The third concept was that embodied in Mao's famous "Paper Tiger" theory. Since the snails are harmful to mankind, no matter how numerous, well camouflaged and well protected they are, in the long run they are doomed because man is incomparably more powerful and will eventually solve this problem. On the other hand, snails are a formidable opponent that must be taken seriously. No complacency is permissible. Every battle must be planned down to the last detail, all weapons brought into play. For example, if the sides of the waterways were so covered by reeds or other plants that snails can find refuge among them, flame-throwers were used to burn down the vegetation and scorch the banks. Under bridges, or if a waterway couldn't be completely drained, chemicals were used to destroy the snails. Regular anti-snail patrols cruised along the rivers in canoes, searching for snails.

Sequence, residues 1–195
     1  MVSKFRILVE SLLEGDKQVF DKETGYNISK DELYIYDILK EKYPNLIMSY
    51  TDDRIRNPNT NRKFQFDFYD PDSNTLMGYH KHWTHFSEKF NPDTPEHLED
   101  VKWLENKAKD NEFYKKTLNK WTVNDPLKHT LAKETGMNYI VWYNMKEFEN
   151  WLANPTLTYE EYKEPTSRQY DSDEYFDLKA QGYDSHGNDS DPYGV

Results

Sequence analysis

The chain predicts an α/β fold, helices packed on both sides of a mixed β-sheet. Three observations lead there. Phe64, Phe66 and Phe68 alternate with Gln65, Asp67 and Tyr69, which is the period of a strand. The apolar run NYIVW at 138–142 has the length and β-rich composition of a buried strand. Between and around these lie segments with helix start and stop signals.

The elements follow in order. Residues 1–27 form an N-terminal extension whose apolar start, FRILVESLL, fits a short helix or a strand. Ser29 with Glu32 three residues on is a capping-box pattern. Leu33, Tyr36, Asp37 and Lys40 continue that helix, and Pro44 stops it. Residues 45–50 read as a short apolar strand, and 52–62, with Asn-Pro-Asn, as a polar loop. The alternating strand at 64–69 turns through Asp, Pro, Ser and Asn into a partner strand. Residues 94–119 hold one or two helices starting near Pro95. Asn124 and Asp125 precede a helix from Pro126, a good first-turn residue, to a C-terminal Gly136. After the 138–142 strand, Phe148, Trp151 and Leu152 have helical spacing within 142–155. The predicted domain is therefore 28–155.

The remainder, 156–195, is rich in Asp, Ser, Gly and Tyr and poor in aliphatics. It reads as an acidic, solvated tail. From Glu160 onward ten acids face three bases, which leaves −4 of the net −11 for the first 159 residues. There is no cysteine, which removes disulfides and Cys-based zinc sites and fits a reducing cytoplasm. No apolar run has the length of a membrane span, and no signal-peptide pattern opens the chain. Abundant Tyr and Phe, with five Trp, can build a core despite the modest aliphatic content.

The feces of a person with snail fever can reinfect the water or soil. Since the peasants had no effective alternative to using human and animal waste for fertilizer to increase crop yields in the fields, a careful method was developed to eliminate the parasites from this "night soil" before it was used.

The above preventive approaches were combined with medical treatment. Testing stations were set up to regularly check the medical situation of the population. While treatment is the weak link and drug therapy does not always solve the problems of the most advanced cases, many people with huge tumors from snail fever received the care needed to enable them to lead normal productive lives. Women were able to have healthy babies, and many formerly dying rural villages came alive with the sounds of children.